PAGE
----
Punk Rock, from proto to pop

Punk today

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If the 1990s were anything to go by, the 21st century was going to further the decline of punk rock and it many ways, this is true. The gap between "real punks" and "pop punks" was widened by band 'Good Charlotte' and their second album "The Young and the Hopeless". The album was an international success, with it's catchy lyrics and poppy sounding music. Many punks immediatley disregarded it as simply being 'another pop punk fad' yet the band are still hugely popular in 2005 and they seem to be gaining speed. The band write music that is meant for teenagers who are angry or emotional over (what the punk community call) stupid issues. The band's fan base is regarded as being minaly comprised of teenage girls, having the negative conatation that they do. The same could be said about pop punkers Sum 41 and emo pop punk Simple Plan.
 
The term 'emo' (short for emotional) has been used to describe music since the mid 1980s, yet back then it was simple used to describe emotionaly driven hardcore or punk. Today, it is applied to bands who sing with a whine, complain in their lyrics about issues which aren't that bad (parents not letting them do something is a common theme, as is "life being unfair") and all fit the cliche emo image. Dyed black hair, makeup and black clothes (sometime with a literal heart drawn on the sleeve). The culture and music is, more often than not, hated by the punk community for 1) being whiney but not doing anything to fix the problem and 2) watering down punk rock and making the masses forget what real punk is. Bands 'The Used', 'Taking Back Sunday' and 'My Chemical Romance' are proud practitioners of the 'emo' genre. Thier fans are easily spotted by fitting the emo cliche, further making the punk community hate them, as they stand against conformity.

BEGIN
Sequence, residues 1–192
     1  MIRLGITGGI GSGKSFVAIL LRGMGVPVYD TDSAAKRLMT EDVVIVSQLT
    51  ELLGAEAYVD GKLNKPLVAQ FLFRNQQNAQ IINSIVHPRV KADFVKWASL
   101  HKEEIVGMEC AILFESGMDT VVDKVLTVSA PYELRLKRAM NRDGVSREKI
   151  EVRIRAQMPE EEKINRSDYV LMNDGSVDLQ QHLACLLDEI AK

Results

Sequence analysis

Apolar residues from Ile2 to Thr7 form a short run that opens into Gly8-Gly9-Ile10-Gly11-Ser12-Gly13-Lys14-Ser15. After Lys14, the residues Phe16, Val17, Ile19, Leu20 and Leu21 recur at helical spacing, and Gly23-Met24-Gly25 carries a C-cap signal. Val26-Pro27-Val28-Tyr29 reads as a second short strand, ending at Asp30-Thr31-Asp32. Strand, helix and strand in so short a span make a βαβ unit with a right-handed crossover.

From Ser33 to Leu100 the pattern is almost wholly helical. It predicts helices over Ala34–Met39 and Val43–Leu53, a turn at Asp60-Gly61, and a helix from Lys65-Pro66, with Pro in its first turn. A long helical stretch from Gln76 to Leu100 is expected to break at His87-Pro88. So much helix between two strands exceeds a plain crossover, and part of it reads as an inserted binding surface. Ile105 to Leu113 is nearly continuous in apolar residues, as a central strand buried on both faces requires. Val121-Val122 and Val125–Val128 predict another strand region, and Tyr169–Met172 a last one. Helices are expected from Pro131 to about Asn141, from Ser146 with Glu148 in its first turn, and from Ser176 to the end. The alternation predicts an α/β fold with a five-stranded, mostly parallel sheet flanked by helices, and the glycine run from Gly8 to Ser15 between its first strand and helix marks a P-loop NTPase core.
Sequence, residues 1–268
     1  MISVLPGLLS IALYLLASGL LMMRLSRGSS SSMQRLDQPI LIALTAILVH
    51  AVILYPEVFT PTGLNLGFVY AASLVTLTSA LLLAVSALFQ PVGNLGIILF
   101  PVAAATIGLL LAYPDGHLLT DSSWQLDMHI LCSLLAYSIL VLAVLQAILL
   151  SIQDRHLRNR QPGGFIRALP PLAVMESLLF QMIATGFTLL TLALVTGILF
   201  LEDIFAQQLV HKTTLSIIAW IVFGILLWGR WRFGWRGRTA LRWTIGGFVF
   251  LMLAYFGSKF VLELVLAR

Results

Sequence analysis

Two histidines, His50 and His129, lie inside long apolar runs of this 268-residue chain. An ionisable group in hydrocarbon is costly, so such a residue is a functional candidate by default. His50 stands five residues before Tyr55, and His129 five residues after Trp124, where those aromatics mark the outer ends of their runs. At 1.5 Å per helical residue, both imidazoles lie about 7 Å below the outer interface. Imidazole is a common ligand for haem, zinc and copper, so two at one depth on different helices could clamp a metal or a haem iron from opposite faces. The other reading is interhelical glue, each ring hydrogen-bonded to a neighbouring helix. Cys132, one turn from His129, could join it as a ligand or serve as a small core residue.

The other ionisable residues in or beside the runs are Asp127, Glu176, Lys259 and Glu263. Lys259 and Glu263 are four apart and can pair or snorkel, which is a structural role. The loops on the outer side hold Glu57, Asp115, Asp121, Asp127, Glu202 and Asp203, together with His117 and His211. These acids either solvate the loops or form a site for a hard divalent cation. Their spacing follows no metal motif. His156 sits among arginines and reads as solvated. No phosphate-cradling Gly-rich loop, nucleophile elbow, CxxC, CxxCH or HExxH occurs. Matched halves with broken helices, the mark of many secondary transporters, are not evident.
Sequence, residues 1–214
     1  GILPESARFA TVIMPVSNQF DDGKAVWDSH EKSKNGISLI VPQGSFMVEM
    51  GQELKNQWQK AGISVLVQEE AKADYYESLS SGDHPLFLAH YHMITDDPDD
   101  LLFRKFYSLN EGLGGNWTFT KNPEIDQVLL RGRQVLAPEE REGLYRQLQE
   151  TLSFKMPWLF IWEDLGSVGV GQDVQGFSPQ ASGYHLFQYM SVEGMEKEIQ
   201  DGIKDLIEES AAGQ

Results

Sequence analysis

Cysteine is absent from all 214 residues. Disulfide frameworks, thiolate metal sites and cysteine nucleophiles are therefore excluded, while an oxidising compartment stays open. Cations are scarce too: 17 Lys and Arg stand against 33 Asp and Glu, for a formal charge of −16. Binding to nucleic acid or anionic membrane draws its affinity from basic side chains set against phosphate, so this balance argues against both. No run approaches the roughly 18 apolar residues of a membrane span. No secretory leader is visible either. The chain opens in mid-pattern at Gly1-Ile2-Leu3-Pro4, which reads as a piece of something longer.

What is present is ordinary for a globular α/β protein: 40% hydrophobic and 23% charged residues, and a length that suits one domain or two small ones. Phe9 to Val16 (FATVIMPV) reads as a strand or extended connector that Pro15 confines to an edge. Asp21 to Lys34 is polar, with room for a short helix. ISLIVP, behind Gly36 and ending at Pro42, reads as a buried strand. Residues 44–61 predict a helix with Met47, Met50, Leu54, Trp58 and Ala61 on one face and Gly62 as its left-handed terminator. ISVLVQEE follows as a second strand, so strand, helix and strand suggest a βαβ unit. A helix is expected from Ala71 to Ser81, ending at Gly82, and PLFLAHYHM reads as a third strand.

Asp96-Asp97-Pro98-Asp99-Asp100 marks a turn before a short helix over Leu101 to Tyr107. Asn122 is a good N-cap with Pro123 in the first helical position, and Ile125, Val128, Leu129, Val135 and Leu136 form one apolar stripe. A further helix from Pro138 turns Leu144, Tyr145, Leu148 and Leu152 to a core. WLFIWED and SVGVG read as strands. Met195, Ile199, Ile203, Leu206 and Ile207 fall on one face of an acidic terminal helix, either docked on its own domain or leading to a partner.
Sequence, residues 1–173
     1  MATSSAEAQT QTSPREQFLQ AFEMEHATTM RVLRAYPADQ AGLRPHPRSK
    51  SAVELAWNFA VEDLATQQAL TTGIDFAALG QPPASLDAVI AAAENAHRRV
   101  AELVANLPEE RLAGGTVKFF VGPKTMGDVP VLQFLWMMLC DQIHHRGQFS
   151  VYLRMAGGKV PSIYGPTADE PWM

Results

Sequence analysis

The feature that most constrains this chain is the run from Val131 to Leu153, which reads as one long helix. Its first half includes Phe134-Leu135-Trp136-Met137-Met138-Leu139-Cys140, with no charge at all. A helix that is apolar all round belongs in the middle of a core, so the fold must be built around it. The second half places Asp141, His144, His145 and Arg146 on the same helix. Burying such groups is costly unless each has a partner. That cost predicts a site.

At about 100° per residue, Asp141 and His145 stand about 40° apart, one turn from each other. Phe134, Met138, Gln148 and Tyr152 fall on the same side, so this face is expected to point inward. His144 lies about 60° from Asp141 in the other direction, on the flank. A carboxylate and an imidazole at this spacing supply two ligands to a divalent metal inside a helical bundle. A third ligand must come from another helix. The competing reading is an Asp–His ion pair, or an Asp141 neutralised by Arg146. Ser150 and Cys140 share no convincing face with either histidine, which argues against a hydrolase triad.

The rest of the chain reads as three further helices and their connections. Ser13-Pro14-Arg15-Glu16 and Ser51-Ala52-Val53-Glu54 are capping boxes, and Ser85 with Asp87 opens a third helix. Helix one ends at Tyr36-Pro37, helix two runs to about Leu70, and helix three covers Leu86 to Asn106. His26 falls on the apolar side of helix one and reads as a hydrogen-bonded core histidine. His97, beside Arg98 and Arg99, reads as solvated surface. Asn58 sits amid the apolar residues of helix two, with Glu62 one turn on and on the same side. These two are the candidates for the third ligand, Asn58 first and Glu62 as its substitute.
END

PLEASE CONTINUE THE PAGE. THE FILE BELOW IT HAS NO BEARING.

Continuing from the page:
While it seems as if there is not chance for real punk bands to survive in the current day, this is hardly the case. Punk rock veterans NOFX, Bad Religion and The Exploited are still flying the punk flag high after more than 20 years of experience each. Newer bands such as YiDcore, Frenzal Rhomb, Against Me!, the HorrorPops and countless others also keep the punk flame burning in the own unique ways (YiDcore in particular, who perform punk covers of classic jewish anthems). Despite the seemingly endless sea of cliche emo, pop-punk and conformist bands out there, there will always be real punk and as the Exploited say; Punk's not dead an' I'm glad it's not!